WashU Experts on the U.S. withdrawal from the Paris Agreement

Climate Change Art

On Nov. 4, the Trump administration formally notified the United Nations that the United States will withdraw from the Paris Agreement on climate change — an international pledge from 200 nations to cut greenhouse gas emissions. The action will take effect in one year. Experts from Washington University in St. Louis expressed dismay that the U.S. government is forgoing a critical leadership role in addressing climate change, and offered a few suggestions on how to move forward.

Bronwen Konecky on missing opportunities

Konecky

“The United States is the second biggest greenhouse gas emitter in the world,” said Bronwen Konecky, assistant professor of earth and planetary sciences in Arts & Sciences. “But we are also a hub to some of the most creative, talented scientists and engineers in the world.

“The Paris Agreement gave us an enormous opportunity to set our own goals for climate change mitigation, and then to spark the innovation that could achieve those goals through technological research and development, better infrastructure, grassroots strategic planning in rural communities, cities and states, and economic wins all around.

“Setting strategic, ambitious goals and a strict timeframe for achieving them is exactly how you foster innovation. By pulling out of the Paris Agreement while other countries step up to the challenge, the United States runs the risk of getting left behind.”

Beth Martin on stepping up as a region

Beth Martin
Martin

“Addressing climate change is a critical priority for our nation and for institutions of higher education,” said Beth Martin, senior lecturer in environmental studies in Arts & Sciences and interim director of the Washington University Climate Change Program. “The administration’s announcement that the United States will begin the process of withdrawal from the Paris Agreement is short-sighted. It does not reflect what most Americans know and want.

“Americans understand that human activity fuels climate change, and 70% support government action to address climate change. In leaving the group, the United States will forgo a critical leadership role in implementing the Paris Agreement. It also will miss the opportunity to ensure all countries work individually and collectively to curb emissions and take critical climate actions.

“If there is a positive side to the announcement of U.S. withdrawal, it is the response of leaders from state and local government, businesses, colleges and universities and so many others to lead on climate action. Here in St. Louis, Washington University is working collaboratively with local partners to set regional climate goals consistent with the United States’ Paris Agreement commitments and to support each other in achieving those goals.  My students and I will continue to attend the United Nations climate meetings as observer delegates and work to connect climate action on the international stage with local climate action.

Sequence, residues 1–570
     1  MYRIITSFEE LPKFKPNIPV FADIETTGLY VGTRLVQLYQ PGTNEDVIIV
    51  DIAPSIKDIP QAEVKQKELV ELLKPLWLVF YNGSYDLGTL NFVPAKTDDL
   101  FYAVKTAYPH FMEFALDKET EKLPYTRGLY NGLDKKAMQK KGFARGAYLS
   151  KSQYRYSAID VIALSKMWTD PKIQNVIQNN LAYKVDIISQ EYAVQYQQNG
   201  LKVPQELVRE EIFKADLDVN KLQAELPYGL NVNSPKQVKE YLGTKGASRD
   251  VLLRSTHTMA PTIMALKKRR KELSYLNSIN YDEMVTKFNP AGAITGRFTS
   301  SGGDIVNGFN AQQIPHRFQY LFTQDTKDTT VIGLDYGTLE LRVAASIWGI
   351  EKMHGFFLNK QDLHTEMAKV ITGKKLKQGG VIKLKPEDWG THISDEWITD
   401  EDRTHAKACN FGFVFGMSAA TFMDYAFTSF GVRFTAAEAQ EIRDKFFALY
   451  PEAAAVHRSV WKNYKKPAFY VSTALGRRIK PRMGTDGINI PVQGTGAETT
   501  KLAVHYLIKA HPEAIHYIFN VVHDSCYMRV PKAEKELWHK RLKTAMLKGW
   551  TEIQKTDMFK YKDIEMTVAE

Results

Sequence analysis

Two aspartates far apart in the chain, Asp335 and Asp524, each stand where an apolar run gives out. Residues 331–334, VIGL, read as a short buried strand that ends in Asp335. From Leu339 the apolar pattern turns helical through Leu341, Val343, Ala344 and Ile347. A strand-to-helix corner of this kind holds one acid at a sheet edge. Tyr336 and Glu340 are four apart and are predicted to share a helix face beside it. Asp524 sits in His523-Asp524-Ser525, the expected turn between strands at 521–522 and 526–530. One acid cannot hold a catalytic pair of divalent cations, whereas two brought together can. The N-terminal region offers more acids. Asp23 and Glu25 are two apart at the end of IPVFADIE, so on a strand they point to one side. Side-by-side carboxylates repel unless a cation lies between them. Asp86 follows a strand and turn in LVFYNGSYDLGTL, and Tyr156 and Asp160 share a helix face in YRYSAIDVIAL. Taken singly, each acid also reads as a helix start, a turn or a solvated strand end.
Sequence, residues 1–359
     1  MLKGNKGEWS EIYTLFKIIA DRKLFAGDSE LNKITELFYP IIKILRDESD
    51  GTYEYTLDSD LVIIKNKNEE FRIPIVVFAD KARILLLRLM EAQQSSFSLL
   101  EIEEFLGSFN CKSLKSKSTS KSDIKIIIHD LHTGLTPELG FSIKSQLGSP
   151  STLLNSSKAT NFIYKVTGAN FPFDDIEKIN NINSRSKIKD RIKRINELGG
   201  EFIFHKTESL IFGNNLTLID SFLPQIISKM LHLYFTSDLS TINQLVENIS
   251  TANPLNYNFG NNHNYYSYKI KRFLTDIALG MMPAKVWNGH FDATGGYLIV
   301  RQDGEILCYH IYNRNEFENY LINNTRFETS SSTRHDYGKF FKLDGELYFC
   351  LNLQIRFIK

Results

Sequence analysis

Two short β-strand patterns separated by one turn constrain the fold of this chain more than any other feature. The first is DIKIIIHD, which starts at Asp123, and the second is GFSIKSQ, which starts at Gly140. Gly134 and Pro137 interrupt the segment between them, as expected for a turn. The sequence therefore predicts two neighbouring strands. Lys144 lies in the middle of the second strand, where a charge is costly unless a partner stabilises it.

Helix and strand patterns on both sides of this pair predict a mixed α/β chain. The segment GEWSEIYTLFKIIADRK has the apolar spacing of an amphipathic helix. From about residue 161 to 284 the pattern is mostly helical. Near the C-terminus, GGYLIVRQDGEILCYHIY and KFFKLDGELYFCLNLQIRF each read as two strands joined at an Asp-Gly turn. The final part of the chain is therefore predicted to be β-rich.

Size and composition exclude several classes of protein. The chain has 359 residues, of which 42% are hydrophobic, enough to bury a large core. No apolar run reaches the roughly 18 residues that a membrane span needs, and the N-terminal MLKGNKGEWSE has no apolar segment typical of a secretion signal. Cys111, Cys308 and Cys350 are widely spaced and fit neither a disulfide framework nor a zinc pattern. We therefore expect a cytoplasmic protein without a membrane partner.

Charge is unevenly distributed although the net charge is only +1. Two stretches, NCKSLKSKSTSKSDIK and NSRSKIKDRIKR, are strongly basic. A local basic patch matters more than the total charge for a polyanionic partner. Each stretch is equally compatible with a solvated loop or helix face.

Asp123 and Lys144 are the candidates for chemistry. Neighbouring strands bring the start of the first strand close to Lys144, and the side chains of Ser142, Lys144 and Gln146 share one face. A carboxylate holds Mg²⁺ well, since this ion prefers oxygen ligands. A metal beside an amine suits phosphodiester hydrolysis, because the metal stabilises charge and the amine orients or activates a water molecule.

“Through the Washington University Climate Change Program and other efforts, we recognize the magnitude of climate change and are working to equip our faculty, students and community with tools and resources to create transformative solutions and respond to current and emerging challenges.”

Himadri Pakrasi on continuing investment and partnership pathways

Himadri Pakrasi
Pakrasi

“The decision is regretful and will impact the United States’ ability to fully engage on these important global negotiations, but it does not erode the importance of immediate action, the promise of American ingenuity, or the potential to shape an equitable green economy,” said Himadri Pakrasi, director of the International Center for Energy, Environment and Sustainability (InCEES) and the Myron and Sonya Glassberg/Albert and Blanche Greensfelder Distinguished University Professor.

“Science funding from the federal government remains strong, while private and corporate philanthropy is increasing substantially. This funding, along with key economic drivers — i.e., the decreasing costs of renewable energy, an accounting for the true health costs of climate inaction, new business opportunities for energy storage, and so on — will continue to provide investment and partnership pathways for community-based and ground-up climate leadership from within, and across, the United States.

“Our goal remains as it was before: to find meaningful and inclusive ways to accelerate climate action with near-term impacts, while training the next generation of global leaders to ensure the promise of innovations today are realized for subsequent generations.”

Elizabeth Hubertz on impact on students

Hubertz

“At the Interdisciplinary Environmental Clinic, we are disappointed at the administration’s decision to have the U.S. turn its back on the Paris Agreement,” said clinic director Elizabeth Hubertz, assistant professor of practice in the School of Law.

“Participation in the Paris Agreement gave us a chance to bring our region and our nation forward, in conjunction with others. Here in Missouri, where we depend on coal for much of our electrical power generation, we already lag behind other U.S. states, and behind other countries in preparing for future climate change.

“Further, at the IEC, we want to provide our students with the legal and technical skills  to tackle the most important environmental problems facing our world.  Withdrawal from the Paris Agreement signals to our students that our federal government does not want them to be part of the cooperative global environmental future.”

 

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